Until now. The group’s latest innovation begins with a base made out of a stretchy material called polyimine. The scientists then stick a series of thin thermoelectric chips into that base, connecting them all with liquid metal wires. The final product looks like a cross between a plastic bracelet and a miniature computer motherboard or maybe a techy diamond ring.
“Our design makes the whole system stretchable without introducing much strain to the thermoelectric material, which can be really brittle,” Xiao said.
Just pretend that you’re out for a jog. As you exercise, your body heats up, and that heat will radiate out to the cool air around you. Xiao’s device captures that flow of energy rather than letting it go to waste.
“The thermoelectric generators are in close contact with the human body, and they can use the heat that would normally be dissipated into the environment,” he said.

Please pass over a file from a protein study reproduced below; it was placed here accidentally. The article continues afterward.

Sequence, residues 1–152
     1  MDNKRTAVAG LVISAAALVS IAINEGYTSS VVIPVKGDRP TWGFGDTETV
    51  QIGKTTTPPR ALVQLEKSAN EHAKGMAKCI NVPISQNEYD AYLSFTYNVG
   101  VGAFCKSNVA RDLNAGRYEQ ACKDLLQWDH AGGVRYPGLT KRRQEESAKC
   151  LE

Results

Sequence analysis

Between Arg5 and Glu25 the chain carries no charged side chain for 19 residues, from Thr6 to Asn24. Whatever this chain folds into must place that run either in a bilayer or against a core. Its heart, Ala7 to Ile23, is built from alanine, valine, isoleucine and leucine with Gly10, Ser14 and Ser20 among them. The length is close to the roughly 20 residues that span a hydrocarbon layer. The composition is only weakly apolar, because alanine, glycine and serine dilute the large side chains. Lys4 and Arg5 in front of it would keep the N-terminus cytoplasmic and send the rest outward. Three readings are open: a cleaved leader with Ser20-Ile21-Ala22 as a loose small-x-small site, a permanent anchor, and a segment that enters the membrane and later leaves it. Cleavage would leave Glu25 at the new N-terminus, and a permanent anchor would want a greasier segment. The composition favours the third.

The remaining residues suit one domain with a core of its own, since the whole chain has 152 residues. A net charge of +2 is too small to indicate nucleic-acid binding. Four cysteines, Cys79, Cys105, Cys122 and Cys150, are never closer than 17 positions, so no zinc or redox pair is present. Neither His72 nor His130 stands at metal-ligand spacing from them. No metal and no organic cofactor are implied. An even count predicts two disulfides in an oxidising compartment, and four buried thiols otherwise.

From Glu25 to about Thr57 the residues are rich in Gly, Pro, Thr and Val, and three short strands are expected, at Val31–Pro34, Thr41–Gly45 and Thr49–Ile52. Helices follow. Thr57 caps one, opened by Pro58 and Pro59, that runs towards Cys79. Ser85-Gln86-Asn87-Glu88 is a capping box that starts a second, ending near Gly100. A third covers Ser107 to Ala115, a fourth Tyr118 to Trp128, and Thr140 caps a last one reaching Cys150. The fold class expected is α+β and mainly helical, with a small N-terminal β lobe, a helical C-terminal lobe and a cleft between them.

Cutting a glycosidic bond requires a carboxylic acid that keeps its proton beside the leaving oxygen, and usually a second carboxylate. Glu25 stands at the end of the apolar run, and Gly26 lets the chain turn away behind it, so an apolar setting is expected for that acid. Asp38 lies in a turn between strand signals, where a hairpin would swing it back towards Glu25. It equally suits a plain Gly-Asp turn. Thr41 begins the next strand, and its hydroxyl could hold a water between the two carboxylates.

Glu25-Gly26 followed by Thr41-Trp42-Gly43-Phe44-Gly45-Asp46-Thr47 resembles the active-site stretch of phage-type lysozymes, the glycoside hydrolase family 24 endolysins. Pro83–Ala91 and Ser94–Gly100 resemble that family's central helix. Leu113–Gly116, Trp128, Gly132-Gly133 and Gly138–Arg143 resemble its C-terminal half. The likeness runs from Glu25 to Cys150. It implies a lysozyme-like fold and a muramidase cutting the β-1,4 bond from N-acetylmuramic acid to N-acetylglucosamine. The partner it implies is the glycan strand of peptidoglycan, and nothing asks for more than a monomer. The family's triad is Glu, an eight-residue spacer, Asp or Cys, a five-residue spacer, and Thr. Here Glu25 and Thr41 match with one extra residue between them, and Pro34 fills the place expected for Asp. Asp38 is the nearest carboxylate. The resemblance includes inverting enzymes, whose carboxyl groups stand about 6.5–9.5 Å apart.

He added that you can easily boost that power by adding in more blocks of generators. In that sense, he compares his design to a popular children’s toy.
“What I can do is combine these smaller units to get a bigger unit,” he said. “It’s like putting together a bunch of small Lego pieces to make a large structure. It gives you a lot of options for customization.”
Xiao and his colleagues calculated, for example, that a person taking a brisk walk could use a device the size of a typical sports wristband to generate about 5 volts of electricity—which is more than what many watch batteries can muster.
Like Xiao’s electronic skin, the new devices are as resilient as biological tissue. If your device tears, for example, you can pinch together the broken ends, and they’ll seal back up in just a few minutes. And when you’re done with the device, you can dunk it into a special solution that will separate out the electronic components and dissolve the polyimine base—each and every one of those ingredients can then be reused.